Leader of the Ethiopian Democratic Party (EDP), one the groups that formed the Coalition for Unity and Democracy (CUD) largest opposition party in 2005, condemned the Ginbot 7 organization' s support for armed struggle ideology in Ethiopia. In a statement to journalists in the Ethiopian capital, EDP's chairman Lidetu Ayalew said peaceful struggle is the only way to change government.
The EDP, together with the All Ethiopia Unity Party (AEUP) and other CUD factions that have recently formed the Unity for Democracy and Justice (UDJ) party, won nearly 20 percent of parliament seats during the 2005 national election. The founder of Ginbot 7, Dr. Berhanu Nega, was part of the CUD leadership until he separated from other CUD Executive members including Lidetu Ayalew.
Lidetu doubted whether Berhanu geniunely supported the ideology of peaceful struggle in the first place. He explained that Berhanu's limited and conditional support for peaceful struggle was inherently undemocratic as well as a source of mistrust between parties and tension during elections. Since the 1990s, Lidetu has been one of the opposition leaders most frequently persecuted and imprisoned by the government. He asked whether Berhanu Nega had the patience and whether he was ready for the bumps and big challenges that comes with engaging in a peaceful struggle, in the first place.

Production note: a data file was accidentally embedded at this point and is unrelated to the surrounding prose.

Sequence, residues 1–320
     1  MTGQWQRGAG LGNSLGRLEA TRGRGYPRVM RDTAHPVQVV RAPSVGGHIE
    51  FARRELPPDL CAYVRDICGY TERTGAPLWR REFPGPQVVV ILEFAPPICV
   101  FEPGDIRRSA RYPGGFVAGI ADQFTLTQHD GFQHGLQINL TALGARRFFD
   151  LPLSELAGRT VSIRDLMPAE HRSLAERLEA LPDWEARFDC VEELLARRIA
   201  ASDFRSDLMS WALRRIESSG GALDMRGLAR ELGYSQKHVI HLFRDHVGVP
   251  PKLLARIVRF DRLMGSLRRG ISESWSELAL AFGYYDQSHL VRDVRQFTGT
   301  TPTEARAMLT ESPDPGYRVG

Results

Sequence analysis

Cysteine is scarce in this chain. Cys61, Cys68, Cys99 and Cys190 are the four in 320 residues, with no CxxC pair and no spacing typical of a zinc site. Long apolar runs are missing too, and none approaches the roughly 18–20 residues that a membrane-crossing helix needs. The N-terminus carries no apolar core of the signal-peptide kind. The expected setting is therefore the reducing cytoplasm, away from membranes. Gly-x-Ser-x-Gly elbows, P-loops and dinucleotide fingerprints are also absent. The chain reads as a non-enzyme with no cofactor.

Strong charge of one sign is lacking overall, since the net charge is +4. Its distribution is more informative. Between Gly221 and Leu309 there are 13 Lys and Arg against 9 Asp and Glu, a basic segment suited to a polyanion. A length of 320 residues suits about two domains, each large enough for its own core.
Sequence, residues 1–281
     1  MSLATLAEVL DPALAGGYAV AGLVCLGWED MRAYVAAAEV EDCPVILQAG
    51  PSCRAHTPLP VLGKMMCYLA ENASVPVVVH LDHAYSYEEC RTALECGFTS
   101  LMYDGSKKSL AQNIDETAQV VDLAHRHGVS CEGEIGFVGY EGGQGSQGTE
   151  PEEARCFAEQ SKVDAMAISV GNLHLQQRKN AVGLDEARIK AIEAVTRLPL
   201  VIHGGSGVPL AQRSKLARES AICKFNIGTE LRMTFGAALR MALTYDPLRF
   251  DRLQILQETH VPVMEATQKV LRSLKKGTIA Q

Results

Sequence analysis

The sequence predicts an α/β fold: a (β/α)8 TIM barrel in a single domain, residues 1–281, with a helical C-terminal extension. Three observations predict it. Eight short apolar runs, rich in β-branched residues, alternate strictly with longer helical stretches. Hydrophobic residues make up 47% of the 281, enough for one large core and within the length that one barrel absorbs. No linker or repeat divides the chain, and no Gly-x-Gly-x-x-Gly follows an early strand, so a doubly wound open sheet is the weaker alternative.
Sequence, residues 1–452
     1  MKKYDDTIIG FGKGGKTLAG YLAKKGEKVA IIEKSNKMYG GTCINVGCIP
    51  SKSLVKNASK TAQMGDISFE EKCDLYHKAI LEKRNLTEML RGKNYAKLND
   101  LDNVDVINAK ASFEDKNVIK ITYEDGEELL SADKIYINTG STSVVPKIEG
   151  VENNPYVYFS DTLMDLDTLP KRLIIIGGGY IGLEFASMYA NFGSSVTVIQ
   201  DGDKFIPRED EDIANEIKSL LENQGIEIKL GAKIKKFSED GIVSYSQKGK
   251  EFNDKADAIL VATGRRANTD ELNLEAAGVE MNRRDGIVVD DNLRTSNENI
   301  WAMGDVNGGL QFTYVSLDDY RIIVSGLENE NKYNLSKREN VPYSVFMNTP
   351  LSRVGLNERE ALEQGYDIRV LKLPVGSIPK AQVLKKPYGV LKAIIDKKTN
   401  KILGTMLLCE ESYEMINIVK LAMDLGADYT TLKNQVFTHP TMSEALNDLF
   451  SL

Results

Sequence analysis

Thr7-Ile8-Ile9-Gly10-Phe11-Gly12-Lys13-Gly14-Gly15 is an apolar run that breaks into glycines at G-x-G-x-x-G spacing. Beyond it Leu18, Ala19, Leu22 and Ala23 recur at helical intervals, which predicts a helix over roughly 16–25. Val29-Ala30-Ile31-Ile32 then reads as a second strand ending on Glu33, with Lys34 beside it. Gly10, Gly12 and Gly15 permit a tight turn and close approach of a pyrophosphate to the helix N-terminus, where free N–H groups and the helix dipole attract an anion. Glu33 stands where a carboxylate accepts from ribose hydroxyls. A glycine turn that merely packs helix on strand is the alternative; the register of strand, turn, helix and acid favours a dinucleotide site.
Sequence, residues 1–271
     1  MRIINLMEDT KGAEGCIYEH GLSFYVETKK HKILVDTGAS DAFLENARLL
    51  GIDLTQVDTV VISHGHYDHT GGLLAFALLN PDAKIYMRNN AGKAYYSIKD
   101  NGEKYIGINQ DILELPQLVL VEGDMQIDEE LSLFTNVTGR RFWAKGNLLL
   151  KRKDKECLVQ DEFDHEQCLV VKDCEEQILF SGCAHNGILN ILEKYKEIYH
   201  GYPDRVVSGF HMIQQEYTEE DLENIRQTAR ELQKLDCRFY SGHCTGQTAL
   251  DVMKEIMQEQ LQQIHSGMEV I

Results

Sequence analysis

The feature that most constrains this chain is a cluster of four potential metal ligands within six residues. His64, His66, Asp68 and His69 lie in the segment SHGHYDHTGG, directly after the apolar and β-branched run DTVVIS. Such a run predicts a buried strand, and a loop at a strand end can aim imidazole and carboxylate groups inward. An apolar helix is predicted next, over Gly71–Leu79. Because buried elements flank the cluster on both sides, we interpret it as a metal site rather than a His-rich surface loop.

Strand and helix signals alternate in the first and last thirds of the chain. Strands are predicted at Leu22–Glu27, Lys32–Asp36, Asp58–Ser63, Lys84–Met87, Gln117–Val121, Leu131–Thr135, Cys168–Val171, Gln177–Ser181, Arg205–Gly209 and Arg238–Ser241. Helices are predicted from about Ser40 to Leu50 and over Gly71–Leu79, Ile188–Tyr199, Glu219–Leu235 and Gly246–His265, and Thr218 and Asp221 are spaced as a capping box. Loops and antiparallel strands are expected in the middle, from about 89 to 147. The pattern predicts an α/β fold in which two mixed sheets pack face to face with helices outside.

Lidetu stated that more Ethiopians are beginning to support his position when they saw the CUD leadership fight eachother and split into five groups after they were released from prison in 2007. Lidetu also says the new position of his CUD critics in favor of joining the parliament has justified the original position of his party.
Lidetu stated that his EDP is the real opposition and alternative party in Ethiopia because other active opposition parties like UEDF and OFDM support the "ethnic federalism" policy of the EPRDF ruling party. However, OFDM and UEDF say ethnic federalism under EPRDF is only on paper since officials from Tigray and Addis Ababa interfere in the affairs of the regional states.
This week, Lidetu announced that his EDP is holding a large meeting in Addis Ababa on Saturday afternoon to launch the party's campaign in preparation for the 2010 national election. He admitted that he has less followers due to some of his controversial positions and the harmful rumors his party was facing the last five years. According to Lidetu, more people are slowly beginning to support EDP's "Third Way" philosophy. He said his party does not want supporters based on emotions but based on substance. Lidetu asserted that he does not simply say what people want to hear and does not "blindly oppose or blindly support" the ruling party. He defended his party's opposition to the ruling party on the prevailing inflation and human rights concerns as well as his support for the ruling party in 2006 by voting in favor of sending troops to Somalia.
The EDP established the new philosophy that Lidetu labeled the "Third Way" in 2006 and his party claims to be a vanguard of a new political culture in Ethiopia that he says is similar to that found in developed nations, particularly in Western democracies. Lidetu asserted that groups like Berhanu Nega's Ginbot 7 are an obstacle to dialogue and democracy in Ethiopia. But He doubted whether the US-based Berhanu is capable of organizing meaningful opposition and he said Berhanu merely used Ginbot 7 as an excuse to stay out of Ethiopia